For the GOP, Redistricting Carries Risks

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On paper, Tuesday's announcement of congressional reapportionment numbers by the U.S. Census Bureau should be an early Christmas present for Republicans. Nowhere was the GOP's triumph on Election Day more complete than in state legislatures, where Republicans picked up some 680 seats.

Because state lawmakers control the once-a-decade redrawing of congressional maps in most states, that puts Republicans in a position to decide the boundaries of about 194 House districts, more than double the number they controlled last cycle. Instead of popping the champagne corks, though, some GOP leaders are warning about the perils of too much cartographical authority.


"When we push for an overreach, it can backfire," said Rep. Lynn Westmoreland of Georgia, who is overseeing redistricting for the National Republican Congressional Committee. "You can't take the politics out of redistricting, but the overreach is a danger that sometimes states with complete control try to do. We're going to try to discourage any kind of overreach."

A prime example of what Westmoreland is hoping to avoid: Pennsylvania, where Republicans held the reins in the last redistricting. But the political boundaries they so painstakingly fashioned hardly produced a stable gain for the party. In the 107th Congress, before the new map took effect, the Keystone State's delegation had 10 Democrats and 11 Republicans. The state lost two seats in that redistricting, and the GOP plan initially gave Republicans a decided advantage: They held 12 of Pennsylvania's House seats to seven for the Democrats in the 108th Congress.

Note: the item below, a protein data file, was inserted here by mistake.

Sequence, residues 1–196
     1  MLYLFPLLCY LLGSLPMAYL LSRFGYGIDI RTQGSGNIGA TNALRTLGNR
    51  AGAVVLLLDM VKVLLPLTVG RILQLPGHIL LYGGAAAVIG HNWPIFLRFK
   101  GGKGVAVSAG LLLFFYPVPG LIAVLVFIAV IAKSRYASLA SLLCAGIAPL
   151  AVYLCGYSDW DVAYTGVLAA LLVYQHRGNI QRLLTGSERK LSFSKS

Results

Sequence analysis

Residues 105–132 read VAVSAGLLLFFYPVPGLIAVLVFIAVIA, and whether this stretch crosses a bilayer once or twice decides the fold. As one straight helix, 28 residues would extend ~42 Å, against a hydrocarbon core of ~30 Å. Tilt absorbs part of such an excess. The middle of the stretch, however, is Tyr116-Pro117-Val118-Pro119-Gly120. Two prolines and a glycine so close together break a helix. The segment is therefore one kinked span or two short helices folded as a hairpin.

But the oscillating electorate soon reversed that advantage, and then reversed it again. After the 2006 elections that gave Democrats control of the House, Democrats held 11 of the state's 19 seats in the chamber. But they will give their in-state majority back when the new Congress takes office next month, and Republicans again hold 12 of Pennsylvania's House seats.

The lesson from Pennsylvania, for both parties, is to pad safe districts, funneling voters from the opposition party into as few districts as possible, rather than go for the maximum number of winnable seats. The temptation to grow overly aggressive can be even greater in swing states, where the parties try to gain more congressional seats instead of opting to consolidate and defend. That creates districts where the electorates are closely divided and lawmakers are vulnerable to every shift in the voting trends--a situation that has been especially pronounced in the last three election cycles, when Democrats picked up 55 seats in two consecutive elections only to see all of their gains (and then some) wiped out in November.

Experts say that the GOP should keep those lessons in mind as it flexes its freshly won muscle.